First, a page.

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Mental health: integrated network and family-oriented model for co-operation between mental health patients, adult mental health services and social services.

https://arctichealth.org/en/permalink/ahliterature70919
Source
J Clin Nurs. 2004 Oct;13(7):876-85
Publication Type
Article
Date
Oct-2004
Author
Jukka Piippo
Jukka Aaltonen
Author Affiliation
Junior Lecturer, University of Mälardalen, Västerås, Sweden. jukka.piippo@mdh.se
Source
J Clin Nurs. 2004 Oct;13(7):876-85
Date
Oct-2004
Language
English
Publication Type
Article
Keywords
Adult
Community Mental Health Services - organization & administration
Cooperative Behavior
Female
Humans
Interviews
Male
Middle Aged
Models, organizational
Patient care team
Patient satisfaction
Social Work, Psychiatric
Sweden
Abstract
BACKGROUND: Co-operation between mental health care units and the social services is important in the case of people with social problems who also suffer from mental health problems. However, participation of patients and their families in the treatment process, and co-operation between them and the professionals, are also important. Communication between the professionals, patients and their family members, and the professionals is a crucial factor for co-operation. AIMS AND OBJECTIVES: The aim of this study was to elucidate the experiences and importance of co-operation for the patients. The data consisted of interviews with 22 mental health patients who were also clients of municipal social services. METHOD: The grounded theory approach was used, focusing on the informants' experiences of the integrated network and family-oriented model for co-operation. RESULTS: The findings indicate the importance of the participation of patients and their social networks in psychiatric care or the treatment process. Meetings should be characterized by open and reflexive discussions with all participants' points of view being included, so that fruitful co-operation is possible. However, some negative experiences were also reported, all of which were connected with the professionals' behaviour. CONCLUSIONS: Trust and honesty are essential elements in relations between professionals and psychiatric patients, but it cannot be assumed that they will develop naturally. It is the professionals' responsibility to adjust their behaviour so that these elements can be created in a mutual process between patients and professionals. Multidisciplinary teams are a necessity in family-oriented co-operation between psychiatry and social services, and in a satisfactory caring process. RELEVANCE TO CLINICAL PRACTICE: Nurses' work is often individually oriented and nurses are ruled by routines in their work. The mental health caring process should be seen as a shared process between the patient, his/her human environment and professionals for which nurses need skills to their interaction with patients and their social network.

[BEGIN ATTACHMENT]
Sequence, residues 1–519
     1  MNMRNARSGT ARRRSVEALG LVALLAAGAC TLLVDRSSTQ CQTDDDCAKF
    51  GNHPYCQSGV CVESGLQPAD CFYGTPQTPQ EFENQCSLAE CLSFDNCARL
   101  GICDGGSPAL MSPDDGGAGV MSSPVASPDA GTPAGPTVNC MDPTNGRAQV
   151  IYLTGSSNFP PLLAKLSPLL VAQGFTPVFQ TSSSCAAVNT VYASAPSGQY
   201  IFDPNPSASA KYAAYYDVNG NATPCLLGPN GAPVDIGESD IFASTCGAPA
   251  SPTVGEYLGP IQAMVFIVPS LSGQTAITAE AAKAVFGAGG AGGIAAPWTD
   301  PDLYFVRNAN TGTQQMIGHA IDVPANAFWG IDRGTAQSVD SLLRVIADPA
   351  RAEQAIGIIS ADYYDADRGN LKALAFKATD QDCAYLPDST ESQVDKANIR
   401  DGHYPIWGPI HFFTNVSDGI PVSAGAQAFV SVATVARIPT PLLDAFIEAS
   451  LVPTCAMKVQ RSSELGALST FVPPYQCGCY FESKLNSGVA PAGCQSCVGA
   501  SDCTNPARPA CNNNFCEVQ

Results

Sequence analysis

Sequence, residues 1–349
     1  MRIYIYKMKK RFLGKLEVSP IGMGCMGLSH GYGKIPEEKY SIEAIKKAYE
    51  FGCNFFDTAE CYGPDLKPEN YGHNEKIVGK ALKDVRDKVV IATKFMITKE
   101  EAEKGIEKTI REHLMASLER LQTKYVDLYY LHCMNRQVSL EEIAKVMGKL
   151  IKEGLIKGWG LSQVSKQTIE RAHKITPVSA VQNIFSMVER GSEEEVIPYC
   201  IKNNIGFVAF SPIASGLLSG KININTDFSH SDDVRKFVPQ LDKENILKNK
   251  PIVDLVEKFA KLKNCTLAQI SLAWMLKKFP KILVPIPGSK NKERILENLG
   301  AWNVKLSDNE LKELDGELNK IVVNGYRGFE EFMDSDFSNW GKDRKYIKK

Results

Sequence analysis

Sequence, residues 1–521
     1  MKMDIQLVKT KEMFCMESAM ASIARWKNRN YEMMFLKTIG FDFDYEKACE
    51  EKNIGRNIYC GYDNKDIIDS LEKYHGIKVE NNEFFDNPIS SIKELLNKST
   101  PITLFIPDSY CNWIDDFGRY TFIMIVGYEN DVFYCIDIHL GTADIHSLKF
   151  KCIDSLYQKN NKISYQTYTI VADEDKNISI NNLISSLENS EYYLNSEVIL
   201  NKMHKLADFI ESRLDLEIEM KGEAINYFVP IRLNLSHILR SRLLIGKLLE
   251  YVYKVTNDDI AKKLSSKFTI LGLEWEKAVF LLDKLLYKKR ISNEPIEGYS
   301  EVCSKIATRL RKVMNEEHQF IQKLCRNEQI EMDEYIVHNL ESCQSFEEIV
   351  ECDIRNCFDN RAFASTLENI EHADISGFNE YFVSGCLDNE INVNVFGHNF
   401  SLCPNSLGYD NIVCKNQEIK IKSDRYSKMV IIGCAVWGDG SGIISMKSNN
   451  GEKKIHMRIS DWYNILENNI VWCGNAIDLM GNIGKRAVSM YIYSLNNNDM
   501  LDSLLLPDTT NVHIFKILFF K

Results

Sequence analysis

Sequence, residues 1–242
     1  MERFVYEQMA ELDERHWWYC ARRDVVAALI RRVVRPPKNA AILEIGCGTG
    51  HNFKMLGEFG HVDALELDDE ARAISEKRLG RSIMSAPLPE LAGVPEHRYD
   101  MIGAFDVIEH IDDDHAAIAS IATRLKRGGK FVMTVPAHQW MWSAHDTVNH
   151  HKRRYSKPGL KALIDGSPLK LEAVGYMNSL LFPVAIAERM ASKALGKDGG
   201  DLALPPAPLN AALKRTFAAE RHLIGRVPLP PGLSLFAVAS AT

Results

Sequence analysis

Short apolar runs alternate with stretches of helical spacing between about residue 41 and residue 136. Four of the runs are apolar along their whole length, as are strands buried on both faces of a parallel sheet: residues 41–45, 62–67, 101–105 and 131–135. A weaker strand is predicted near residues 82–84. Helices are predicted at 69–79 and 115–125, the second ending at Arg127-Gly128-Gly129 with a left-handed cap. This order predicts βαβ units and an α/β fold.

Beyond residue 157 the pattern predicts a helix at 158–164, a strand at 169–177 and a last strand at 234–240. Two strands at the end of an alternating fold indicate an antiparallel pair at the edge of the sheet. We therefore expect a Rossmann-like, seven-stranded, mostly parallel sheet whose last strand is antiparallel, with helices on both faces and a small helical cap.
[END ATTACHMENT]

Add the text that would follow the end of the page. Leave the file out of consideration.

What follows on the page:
PubMed ID
15361161 View in PubMed
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Increasing culturally responsive care and mental health equity with indigenous community mental health workers.

https://arctichealth.org/en/permalink/ahliterature299683
Source
Psychol Serv. 2019 May 02; :
Publication Type
Journal Article
Date
May-02-2019
Author
Victoria M O'Keefe
Mary F Cwik
Emily E Haroz
Allison Barlow
Author Affiliation
Department of International Health.
Source
Psychol Serv. 2019 May 02; :
Date
May-02-2019
Language
English
Publication Type
Journal Article
Abstract
There are 600 diverse American Indian/Alaska Native communities that represent strong and resilient nations throughout Indian Country. However, a history of genocidal practices, cultural assaults, and continuing oppression contribute to high rates of mental health and substance use disorders. Underresourced mental health care and numerous barriers to services maintain these disparities. Indigenous community mental health workers hold local understandings of history, culture, and traditional views of health and wellness and may reduce barriers to care while promoting tribal health and economic self-determination and sovereignty. The combination of Native community mental health workers alongside a growing workforce of Indigenous mental health professionals may create an ideal system in which tribal communities are empowered to restore balance and overall wellness, aligning with Native worldviews and healing traditions. (PsycINFO Database Record (c) 2019 APA, all rights reserved).
PubMed ID
31045405 View in PubMed
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Quality of life and mental health of parents of children with mental health problems.

https://arctichealth.org/en/permalink/ahliterature9842
Source
Nord J Psychiatry. 2002;56(6):413-7
Publication Type
Article
Date
2002
Author
Olafur O Guethmundsson
Kristinn Tómasson
Author Affiliation
Department of Child and Adolescent Psychiatry, Landspitali University Hospital, Dalbraut 12, IS-105 Reyjavik, Iceland.
Source
Nord J Psychiatry. 2002;56(6):413-7